Ferguson hails ‘Ascension II’, football competition returns with up to 92 teams and live broadcasts

The Ascension Tournament will again kickstart Trinidad and Tobago’s domestic calendar in 2020, as Terminix La Horquetta Rangers managing director Richard Ferguson confirmed an expanded competition is just three weeks away.

The Ascension Invitational debuted in 2019 with 24 clubs, competing in two divisions across Trinidad, chasing a combined TT$650,000 in prize money.

Photo: Terminix La Horquetta Rangers attacker Kadeem Corbin (right) tries to find a way past Defence Force defender Isaiah McIntyre during Ascensional Invitational All-Star action at Phase Two, La Horquetta on 13 October 2019.
(Copyright Daniel Prentice/Wired868)

This year, Ferguson intends to take the Ascension nationwide as he extended invitations to all six football zones as well, while the tournament should include two rounds of action instead of just one.

The total prize money now stands at TT$494,000 but the overall cost looks set to double from TT$2.3 million in 2019 to an estimated TT$4.3 million, with as many as 92 clubs expected to be involved.

“We want everybody in Trinidad and Tobago to be able to play football,” said Ferguson. “We will run Division One and Two. Division Three will be run by the zones but we will pay for the referees and pay the prize money.”

Eastern Football Association (EFA) president Kieron Edwards will serve as tournament director—Trinidad and Tobago Football Association (TTFA) director of football, Richard Piper, held that role last year.

Every single senior men’s team in the country, according to Ferguson, is invited to compete. Registration is free and the deadline for signing up is 4pm on 24 July.

The tournament is sanctioned by the TTFA and should run from 14 August to either December or early February, according to the number of participants.

Photo: Terminix La Horquetta Rangers managing director Richard Ferguson enjoys the action during an Ascension Invitational fixture against QPCC at Phase 2, La Horquetta on 11 September 2019.
(Copyright Allan V Crane/CA-Images/Wired868)

The prize money at stake is:

  • Division One: TT$100,000 (first place), TT$50,000 (second place) and TT$20,000 (third place);
  • Division Two: TT$50,000 (first place), TT$24,000 (second place), TT$10,000 (third place);
  • Division Three (for each zone): TT$24,000 (first place), TT$10,000 (second place), TT$6,000 (third place).

Ferguson budgeted to pay the airfare for one Tobago team in the Division One and Two competitions respectively, apart from the ‘Sister Isle’ clubs that will compete in the Tobago Zone.

It is possible that the top two tiers may be reduced to 10 clubs each, according to the outcome of financial negotiations with referees.

“A big factor is the cost of referees,” said Ferguson. “[…] If I can’t get [their costs] down, I will have to go with 10.”

Ferguson will not sacrifice the zonal competitions, though.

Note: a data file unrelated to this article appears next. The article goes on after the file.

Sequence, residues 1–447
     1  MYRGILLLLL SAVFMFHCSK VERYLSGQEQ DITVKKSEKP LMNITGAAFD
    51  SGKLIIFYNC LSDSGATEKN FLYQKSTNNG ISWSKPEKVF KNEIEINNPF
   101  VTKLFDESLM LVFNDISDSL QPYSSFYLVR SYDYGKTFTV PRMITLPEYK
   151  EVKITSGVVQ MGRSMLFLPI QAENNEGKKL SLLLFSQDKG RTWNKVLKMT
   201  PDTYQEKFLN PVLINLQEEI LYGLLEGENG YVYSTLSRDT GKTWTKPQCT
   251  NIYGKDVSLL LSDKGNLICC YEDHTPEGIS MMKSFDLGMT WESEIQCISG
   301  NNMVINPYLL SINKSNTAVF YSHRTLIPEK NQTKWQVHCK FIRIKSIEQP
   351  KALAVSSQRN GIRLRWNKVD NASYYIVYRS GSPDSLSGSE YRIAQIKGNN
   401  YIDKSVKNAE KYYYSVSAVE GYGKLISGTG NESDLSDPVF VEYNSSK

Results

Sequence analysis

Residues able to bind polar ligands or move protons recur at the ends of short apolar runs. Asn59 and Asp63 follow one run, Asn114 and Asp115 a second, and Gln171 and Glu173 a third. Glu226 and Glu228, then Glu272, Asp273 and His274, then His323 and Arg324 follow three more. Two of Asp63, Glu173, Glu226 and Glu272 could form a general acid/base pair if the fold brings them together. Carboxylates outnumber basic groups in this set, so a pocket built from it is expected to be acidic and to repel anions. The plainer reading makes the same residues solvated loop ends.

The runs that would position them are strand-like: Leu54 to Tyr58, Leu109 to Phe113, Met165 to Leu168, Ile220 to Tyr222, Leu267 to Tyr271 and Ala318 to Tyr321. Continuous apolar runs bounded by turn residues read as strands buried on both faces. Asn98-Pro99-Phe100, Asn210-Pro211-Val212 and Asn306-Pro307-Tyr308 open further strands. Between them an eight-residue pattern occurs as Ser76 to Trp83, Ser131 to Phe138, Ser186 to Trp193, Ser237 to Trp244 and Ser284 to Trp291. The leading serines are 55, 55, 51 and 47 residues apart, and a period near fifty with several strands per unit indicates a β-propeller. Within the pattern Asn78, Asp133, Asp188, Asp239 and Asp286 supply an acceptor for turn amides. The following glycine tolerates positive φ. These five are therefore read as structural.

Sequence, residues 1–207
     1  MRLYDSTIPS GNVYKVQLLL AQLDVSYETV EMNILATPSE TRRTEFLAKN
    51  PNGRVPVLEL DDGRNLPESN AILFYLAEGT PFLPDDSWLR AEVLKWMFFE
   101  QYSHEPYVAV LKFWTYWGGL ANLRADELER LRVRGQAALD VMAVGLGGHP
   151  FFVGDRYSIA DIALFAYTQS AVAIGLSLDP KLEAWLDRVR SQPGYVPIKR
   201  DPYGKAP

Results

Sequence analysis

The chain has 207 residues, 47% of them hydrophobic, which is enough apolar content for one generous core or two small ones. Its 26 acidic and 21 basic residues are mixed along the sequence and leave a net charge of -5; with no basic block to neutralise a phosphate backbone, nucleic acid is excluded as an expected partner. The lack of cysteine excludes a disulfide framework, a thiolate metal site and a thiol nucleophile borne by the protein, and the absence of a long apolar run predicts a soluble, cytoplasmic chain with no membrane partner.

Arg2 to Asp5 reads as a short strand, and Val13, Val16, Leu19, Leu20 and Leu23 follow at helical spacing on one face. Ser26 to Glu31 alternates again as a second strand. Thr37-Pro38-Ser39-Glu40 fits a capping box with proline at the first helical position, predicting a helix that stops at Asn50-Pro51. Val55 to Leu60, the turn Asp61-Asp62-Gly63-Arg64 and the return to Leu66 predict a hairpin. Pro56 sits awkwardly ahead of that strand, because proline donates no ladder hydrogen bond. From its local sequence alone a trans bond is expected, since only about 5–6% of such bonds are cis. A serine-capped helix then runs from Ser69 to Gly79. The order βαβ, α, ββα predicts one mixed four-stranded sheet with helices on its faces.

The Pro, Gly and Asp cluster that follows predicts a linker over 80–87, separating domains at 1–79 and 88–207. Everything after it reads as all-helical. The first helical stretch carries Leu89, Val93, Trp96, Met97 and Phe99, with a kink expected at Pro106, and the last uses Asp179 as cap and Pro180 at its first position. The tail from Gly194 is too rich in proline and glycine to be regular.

Photo: Then San F’do Giants forward Kerville Jeremiah (centre) tries to hold off Deportivo PF midfielder Andrei Pacheco during Ascension action at the Mannie Ramjohn Stadium Training Field on 29 September 2019.
Pacheco is six foot one—but is dwarfed by Jeremiah.
(Copyright Daniel Prentice/CA-Images/Wired868)

“The zones are a very critical area, as it is a feeder for the second division and the first division,” said Ferguson. “And it can be run at a minimal cost, compared to everything else.”

Last year, the Ascension Invitational featured a weekly 30-minute round-up show, which was produced by Wired868 and broadcast on Flow Sports.

This season, there will be 18 double headers at the La Horquetta Phase II ground which will be broadcast live on cable television and at least one local channel, as well as streamed on the tournament website. (The production company for the 2020 tournament has not been selected yet.)

La Horquetta games will involve two rhythm sections—as opposed to one last season—and 12 dancers/cheerleaders. The venue itself has had another facelift, valued at TT$250,000, with refurbished stands, toilets and VIP room as well as new substitutes’ benches and electronic billboards.

“This is a watershed moment for local football,” said Ferguson. “The key is the tv. We are putting Trinidad and Tobago football on tv all over the world, which means more exposure for players.”

Photo: The Ascension Angels dancers perform during halftime of an Ascension Invitational fixture in the 2019 season.
(Copyright Allan V Crane/CA-Images/Wired868)

Current TTFA president William Wallace and his predecessor David John-Williams both promised three tier competitions under a single umbrella. Ferguson, again, beat them both to it by sourcing the money from Ascension—a largely unknown sports apparel company, which hopes to do business in the region.

In fact, the Terminix director said he is using the same TT$1.2 million promised to a revamped ‘Ascension Pro League’ to run the upcoming competition. Last September, the Pro League board agreed to Ferguson’s proposal for its competition, only to subsequently stall on the execution of their deal, with a TTFA election campaign in full swing that involved Wallace, Ferguson and John-Williams, who is the president of W Connection.